Black Girl Gamers respond to Forspoken criticism, stressing inclusion at all levels

Black Girl Gamers Forspoken

The consulting group Black Girl Gamers has responded to player criticism about the game Forspoken and its Black female protagonist.

Black Girl Gamers respond to Forspoken criticism, stressing inclusion at all levels

Even though there have been many valid complaints about Forspoken, it’s hard to criticize it in a nuanced way without sounding like the crowds of people who trash the game just because the main character is a Black woman. Now, two months later, one of the game’s consultants is speaking out.

Aside from frame-rate issues, one of the most serious criticisms was the main character’s dialogue. Many people accused Frey of sounding like Joss Whedon or Marvel. These descriptors are frequently used to describe spunky characters or as a substitute for “cringe.” However, this was not dissimilar to early coverage of Forspoken by journalists at publications such as Kotaku and Axios. People with experience working on popular games such as TellTale’s The Walking Dead and Uncharted were among the early development and writing talent. Having said that, the team lacked Black writers. Square Enix realized at some point that they needed a Black women’s perspective to tell this story. As a result, they hired consultants to investigate Frey and the other women in the story.

Black Girl Gamers statement

As people finished the game, many noticed that the “special thanks” section of Forspoken included the CEO of Black Girl Gamers (BGG), Jay-Ann Lopez. BGG brings together Black women who are interested in games from all over the world to talk about and play games, organize charity events, and make connections in the gaming industry. Almost two months after Forspoken came out, BGG made a statement about their role in making it.

We are pleased to announce that Black Girl Gamers was hired as a paid consultant on Forspoken, which included having the opportunity to play a pre-release build of the game and provide feedback on the overall experience– from the gameplay experience to the portrayal of Frey as a female protagonist of Black descent.

As with any consultation project, and due to the timing of our consultation being initiated during the latter stages of the game’s development, not all of the suggestions we shared pertaining to colorism and texturism were implemented in the final game. Due to the nature of our contract, we cannot disclose specific suggestions, however, we were pleased to see that some of our input was reflected in the final version of the game. As a trusted voice in gaming, diversity, and inclusivity, we were brought in. We had an opportunity to weigh in on the game – especially given that it is one of the first games to feature a fantasy female protagonist of Black descent. The importance was key to us and our community and this was communicated during our consultation.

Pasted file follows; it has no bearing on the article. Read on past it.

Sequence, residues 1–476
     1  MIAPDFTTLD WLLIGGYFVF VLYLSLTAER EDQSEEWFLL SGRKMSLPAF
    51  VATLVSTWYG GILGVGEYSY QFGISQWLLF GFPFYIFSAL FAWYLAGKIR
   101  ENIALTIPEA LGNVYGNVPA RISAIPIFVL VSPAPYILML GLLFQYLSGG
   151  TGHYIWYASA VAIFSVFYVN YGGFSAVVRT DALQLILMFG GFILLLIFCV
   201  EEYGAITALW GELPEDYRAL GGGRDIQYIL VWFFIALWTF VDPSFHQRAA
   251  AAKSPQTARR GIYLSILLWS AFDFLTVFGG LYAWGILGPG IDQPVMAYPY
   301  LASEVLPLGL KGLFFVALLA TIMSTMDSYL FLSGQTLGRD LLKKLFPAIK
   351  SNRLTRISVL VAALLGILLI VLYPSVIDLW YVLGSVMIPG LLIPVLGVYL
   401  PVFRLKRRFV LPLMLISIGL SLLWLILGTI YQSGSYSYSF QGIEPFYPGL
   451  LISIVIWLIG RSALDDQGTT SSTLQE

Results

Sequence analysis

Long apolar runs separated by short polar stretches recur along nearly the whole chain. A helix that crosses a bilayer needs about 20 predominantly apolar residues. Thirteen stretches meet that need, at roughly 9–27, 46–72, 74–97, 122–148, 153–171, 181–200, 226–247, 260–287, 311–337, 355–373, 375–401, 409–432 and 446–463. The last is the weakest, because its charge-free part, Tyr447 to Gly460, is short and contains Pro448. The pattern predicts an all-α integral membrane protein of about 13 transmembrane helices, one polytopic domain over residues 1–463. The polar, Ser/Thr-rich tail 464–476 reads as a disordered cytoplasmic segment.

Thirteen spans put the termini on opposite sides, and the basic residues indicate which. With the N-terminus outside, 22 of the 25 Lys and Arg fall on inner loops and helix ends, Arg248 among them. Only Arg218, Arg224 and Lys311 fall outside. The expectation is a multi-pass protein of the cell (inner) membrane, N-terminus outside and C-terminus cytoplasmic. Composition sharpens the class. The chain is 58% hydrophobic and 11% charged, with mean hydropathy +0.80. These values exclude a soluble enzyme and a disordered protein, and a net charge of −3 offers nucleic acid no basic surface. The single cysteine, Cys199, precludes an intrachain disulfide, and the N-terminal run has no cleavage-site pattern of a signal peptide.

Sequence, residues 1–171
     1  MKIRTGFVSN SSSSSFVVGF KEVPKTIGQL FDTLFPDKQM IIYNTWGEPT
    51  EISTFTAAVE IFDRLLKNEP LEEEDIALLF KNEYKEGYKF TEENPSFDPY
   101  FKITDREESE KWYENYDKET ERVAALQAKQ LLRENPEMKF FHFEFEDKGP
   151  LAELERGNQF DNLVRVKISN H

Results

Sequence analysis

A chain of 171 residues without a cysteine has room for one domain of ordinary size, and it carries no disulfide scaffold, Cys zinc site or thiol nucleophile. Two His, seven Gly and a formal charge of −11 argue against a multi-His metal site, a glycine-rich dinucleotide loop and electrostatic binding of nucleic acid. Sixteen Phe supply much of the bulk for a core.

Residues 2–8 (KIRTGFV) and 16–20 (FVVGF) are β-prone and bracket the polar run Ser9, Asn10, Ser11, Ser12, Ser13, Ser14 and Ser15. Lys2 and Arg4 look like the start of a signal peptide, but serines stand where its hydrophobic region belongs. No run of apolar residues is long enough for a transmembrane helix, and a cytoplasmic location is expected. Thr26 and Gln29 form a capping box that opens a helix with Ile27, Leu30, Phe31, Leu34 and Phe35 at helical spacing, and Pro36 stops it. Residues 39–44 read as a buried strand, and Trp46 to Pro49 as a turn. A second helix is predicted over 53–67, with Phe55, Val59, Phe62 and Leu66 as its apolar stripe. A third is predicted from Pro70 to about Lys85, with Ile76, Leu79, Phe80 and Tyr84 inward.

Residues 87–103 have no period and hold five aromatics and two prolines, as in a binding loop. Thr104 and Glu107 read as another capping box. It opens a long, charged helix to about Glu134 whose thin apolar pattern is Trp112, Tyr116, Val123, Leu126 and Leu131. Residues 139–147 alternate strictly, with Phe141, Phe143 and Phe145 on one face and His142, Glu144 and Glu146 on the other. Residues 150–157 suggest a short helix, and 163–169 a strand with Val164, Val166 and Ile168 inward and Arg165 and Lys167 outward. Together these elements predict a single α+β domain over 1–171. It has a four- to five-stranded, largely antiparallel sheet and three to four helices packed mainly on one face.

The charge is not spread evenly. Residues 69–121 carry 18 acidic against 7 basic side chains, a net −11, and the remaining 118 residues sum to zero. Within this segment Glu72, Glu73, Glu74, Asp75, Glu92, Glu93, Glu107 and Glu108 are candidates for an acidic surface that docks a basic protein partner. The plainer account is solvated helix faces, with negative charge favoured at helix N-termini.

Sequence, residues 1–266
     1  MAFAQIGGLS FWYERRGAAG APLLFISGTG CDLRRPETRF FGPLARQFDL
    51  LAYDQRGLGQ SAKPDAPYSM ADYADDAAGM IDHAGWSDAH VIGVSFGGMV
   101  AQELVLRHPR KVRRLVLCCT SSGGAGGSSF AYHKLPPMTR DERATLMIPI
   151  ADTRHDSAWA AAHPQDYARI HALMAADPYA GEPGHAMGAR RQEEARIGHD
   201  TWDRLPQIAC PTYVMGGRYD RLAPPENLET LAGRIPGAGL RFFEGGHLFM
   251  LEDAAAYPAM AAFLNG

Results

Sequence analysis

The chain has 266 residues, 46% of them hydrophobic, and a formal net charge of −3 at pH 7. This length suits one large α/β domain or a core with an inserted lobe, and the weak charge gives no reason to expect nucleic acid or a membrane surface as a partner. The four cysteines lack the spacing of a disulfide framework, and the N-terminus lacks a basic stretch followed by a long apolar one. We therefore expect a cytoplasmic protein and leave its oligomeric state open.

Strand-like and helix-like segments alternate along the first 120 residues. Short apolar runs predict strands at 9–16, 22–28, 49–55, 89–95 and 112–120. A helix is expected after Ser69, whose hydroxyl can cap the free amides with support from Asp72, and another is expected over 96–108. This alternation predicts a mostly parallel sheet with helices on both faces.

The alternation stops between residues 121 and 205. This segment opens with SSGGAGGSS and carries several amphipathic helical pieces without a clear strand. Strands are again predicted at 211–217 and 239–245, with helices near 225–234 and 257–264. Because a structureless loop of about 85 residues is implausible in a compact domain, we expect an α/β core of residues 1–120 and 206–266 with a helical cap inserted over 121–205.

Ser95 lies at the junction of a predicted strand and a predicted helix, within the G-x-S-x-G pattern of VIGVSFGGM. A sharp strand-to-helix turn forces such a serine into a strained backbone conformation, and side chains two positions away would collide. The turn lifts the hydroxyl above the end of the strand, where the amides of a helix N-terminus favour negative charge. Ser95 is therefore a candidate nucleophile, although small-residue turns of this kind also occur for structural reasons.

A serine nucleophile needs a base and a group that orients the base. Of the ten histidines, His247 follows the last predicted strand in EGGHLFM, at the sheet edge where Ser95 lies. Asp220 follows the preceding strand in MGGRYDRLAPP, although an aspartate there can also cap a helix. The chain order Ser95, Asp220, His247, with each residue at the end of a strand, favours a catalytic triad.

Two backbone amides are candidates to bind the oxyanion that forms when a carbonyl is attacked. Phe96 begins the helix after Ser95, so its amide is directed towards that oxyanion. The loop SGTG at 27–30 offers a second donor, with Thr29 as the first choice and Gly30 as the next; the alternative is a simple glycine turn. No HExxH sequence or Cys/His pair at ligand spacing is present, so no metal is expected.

With that said, our consultant really enjoyed the gameplay. It is an entertaining experience for those who love open-world, fast-paced parkour combat with fantasy magic. Forspoken centers itself on the representation of women of all different experiences, and due to that – the game has unfairly received extreme and unjust criticism about its quality. Forspoken has the potential to be a great franchise and we hope to see a continuing trend of more representation in Fantasy games. However, for the fantasy genre in general, there needs to be greater awareness and proactivity about the importance of hiring a team that consists of Black writers, developers, and consultants; additionally, paying those individuals and content creators their worth.

It is important for organizations to partner with authentic voices in the Black community when promoting all games. The services that we provide can help organizations connect with underrepresented and diverse audiences to garner genuine reactions around activations and also help to ensure that the organization is up to standard when it comes to fair and equal pay.

I’m not sure what else to say about studios and other creative teams. BGG said it all, and much more respectfully than seems necessary at this point. The demand for a diverse team at all levels of production, from development to marketing, is not unreasonable, especially for a company like Square Enix. Given their Final Fantasy controversies, one would expect them to go above and beyond in other games.

AAA games have the resources to maintain standards

Not only the writer’s team should have been worried. Tom Keegan, who was in charge of motion capture and voice-over, said that Frey had a “very hip-hoppy kind of walk.” This is not only racist, but also eerily similar to how other people in entertainment describe (non-threatening) Black characters, particularly boys. Miles Morales was described as having “the exaggerated swagger of a Black teen” in a Gamespot review of Marvel’s Spider-Man in 2020. Another grievance against Miles was the 2022 What If…? comic run, which was full of upbeat microaggressions like “By Odin’s fade.”

While the lead actress (and the model for Frey) Ella Balinska is a Black woman, the entire burden of representation cannot be placed on her—or any one person, for that matter. Most medium- to large-sized studios can and should do better. This approach to representation, in which people are brought in late in the development process, is insufficient. It dissatisfies the audience you want to reflect and fuels online hate- the kind of hate that thrives on the ability to speak in dog whistles. There aren’t many games in which a Black woman is the protagonist and every aspect of her character is created from the beginning. This whole debacle has been embarrassing.